The Army colonel presiding over the trial of five men accused of participating in the attacks of September 11, 2001 has ruled that attorneys for a consortium of media and civil liberties organizations may argue for increased transparency in the proceedings.
The lawyers for the 14 media groups (including the American Civil Liberties Union) filed motions with the military tribunal challenging a previously entered order that prevented publication of testimony considered “secret.”
Per the terms of the new one-page order issued by Judge James Pohl the lawyers will present their case for increased openness on August 22, the day on which a week of hearings on several pre-trial motions is set to begin.
The Judge Advocate General (JAG) lawyer representing the Pentagon, Army Brigadier General Mark Martins, also agreed to allow the hearing without objection.
Attorneys for the so-called “Gitmo 5” did not object to the hearing of oral arguments on the motions against the protective order. In fact, an attorney for one of the alleged 9/11 co-conspirators welcomed the ruling.
“Oral argument from the media and ACLU will emphasize the critical public interest in open proceedings at Guantánamo,” said James Connell, the attorney representing Ammar al Baluchi, also known as Ali Abdul Aziz Ali.
In a motion for challenging the government’s clamp-down on the flow of information filed May 2, the American Civil Liberties Union (ACLU) argued that such a restriction was overly broad and that the government has “no legal authority to classify defendants’ statements containing their personal knowledge of the detention and treatment, including torture, to which they were subjected in U.S. custody — information that defendants acquired by virtue of the government forcing it upon them.”
At issue in the ACLU’s motion is first, the government’s request that the public be denied access to the defendants’ statements regarding abuse and torture suffered while in the custody of the CIA or other American agents; and second, the 40-second delay in the audio feed of the commission’s proceedings.
Under the guidelines suggested by the prosecution, an intelligence officer present at the trial may hit a “white noise” button whenever defendants “describe their detention and interrogation in U.S. custody.”
Later in its motion, the ACLU outlined the constitutional issues at the center of the government’s request to censor the trial:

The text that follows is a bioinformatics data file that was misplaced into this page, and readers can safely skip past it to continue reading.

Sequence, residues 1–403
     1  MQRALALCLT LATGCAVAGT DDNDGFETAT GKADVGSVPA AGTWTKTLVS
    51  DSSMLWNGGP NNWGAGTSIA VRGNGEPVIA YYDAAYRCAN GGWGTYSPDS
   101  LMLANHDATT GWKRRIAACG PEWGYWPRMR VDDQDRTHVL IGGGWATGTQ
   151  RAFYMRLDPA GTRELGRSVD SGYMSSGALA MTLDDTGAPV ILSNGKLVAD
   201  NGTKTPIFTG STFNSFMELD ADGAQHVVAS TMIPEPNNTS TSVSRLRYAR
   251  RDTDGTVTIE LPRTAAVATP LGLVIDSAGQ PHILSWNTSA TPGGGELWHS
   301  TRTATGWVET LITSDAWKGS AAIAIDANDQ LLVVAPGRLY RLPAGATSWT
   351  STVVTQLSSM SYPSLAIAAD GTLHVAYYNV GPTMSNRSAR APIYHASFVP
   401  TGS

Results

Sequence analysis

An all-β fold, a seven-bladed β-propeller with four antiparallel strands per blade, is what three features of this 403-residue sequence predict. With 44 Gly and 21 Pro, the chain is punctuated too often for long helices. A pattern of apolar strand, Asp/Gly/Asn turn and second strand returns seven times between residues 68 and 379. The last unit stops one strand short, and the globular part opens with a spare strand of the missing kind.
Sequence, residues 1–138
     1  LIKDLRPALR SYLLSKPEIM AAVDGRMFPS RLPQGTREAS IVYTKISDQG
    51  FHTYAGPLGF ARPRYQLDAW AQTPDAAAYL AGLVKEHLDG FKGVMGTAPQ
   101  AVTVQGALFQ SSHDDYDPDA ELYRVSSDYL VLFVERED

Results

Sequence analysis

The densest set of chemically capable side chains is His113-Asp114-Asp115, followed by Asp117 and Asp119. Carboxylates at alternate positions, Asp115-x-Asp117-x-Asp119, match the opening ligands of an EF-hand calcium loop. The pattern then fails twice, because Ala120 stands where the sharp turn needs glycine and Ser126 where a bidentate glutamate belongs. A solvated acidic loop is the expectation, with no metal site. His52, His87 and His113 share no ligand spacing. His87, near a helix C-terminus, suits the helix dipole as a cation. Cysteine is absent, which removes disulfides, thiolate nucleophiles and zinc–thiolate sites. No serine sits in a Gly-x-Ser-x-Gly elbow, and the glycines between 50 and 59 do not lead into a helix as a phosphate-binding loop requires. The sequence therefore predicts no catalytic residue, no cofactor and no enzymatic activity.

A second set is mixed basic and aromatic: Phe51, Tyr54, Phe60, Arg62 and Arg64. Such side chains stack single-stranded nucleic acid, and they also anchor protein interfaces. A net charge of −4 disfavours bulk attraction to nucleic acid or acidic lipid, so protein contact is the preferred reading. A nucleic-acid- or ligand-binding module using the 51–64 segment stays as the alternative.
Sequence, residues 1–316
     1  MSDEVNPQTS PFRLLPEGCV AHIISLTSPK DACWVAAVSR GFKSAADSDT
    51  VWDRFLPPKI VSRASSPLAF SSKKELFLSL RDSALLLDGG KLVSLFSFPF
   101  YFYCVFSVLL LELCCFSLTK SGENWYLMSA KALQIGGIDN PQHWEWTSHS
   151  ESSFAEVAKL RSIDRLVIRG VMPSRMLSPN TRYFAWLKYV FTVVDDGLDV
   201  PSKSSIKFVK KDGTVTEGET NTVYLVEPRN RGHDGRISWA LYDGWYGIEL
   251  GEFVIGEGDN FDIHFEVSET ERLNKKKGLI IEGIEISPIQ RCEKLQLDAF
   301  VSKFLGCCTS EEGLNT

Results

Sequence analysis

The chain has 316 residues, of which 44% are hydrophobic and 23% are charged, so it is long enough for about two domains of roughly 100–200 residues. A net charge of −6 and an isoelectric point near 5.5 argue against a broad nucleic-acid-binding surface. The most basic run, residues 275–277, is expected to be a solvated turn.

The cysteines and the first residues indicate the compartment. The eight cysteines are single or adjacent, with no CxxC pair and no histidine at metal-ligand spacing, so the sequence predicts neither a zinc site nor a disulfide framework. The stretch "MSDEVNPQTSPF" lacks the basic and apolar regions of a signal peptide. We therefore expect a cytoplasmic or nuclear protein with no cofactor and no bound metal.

Both the Constitution and the Military Commissions Act of 2009 recognize the public’s presumptive right of access to all proceedings and records of this historic military commission. That right of access may only be overcome if there is a countervailing interest of “transcendent” importance, a standard that the government’s extraordinary and draconian proposed restrictions cannot meet. The government asks this Commission to suppress as presumptively classified the defendants’ every utterance concerning their personal knowledge of their detention and abuse in CIA custody....
The eyes of the world are on this Military Commission, and the public has a substantial interest in and concern about the fairness and transparency of these proceedings. This Commission should reject — and not become complicit with — the government’s improper proposals to suppress the defendants’ personal accounts of government misconduct.
The legal proceedings began on May 5, 2012 when Khalid Sheikh Mohammed, the man accused by the U.S. government of masterminding the attacks of September 11, 2001, was arraigned along with four alleged co-conspirators before a military tribunal at the Naval base at Guantánamo Bay, Cuba.
The five defendants were presented with an 87-page indictment that took nearly three hours to read. The indictment charges the men with 2,976 counts of murder, as well as acts of terrorism, hijacking, conspiracy, and destruction of property. If convicted by the military court, they will be eligible for the death penalty.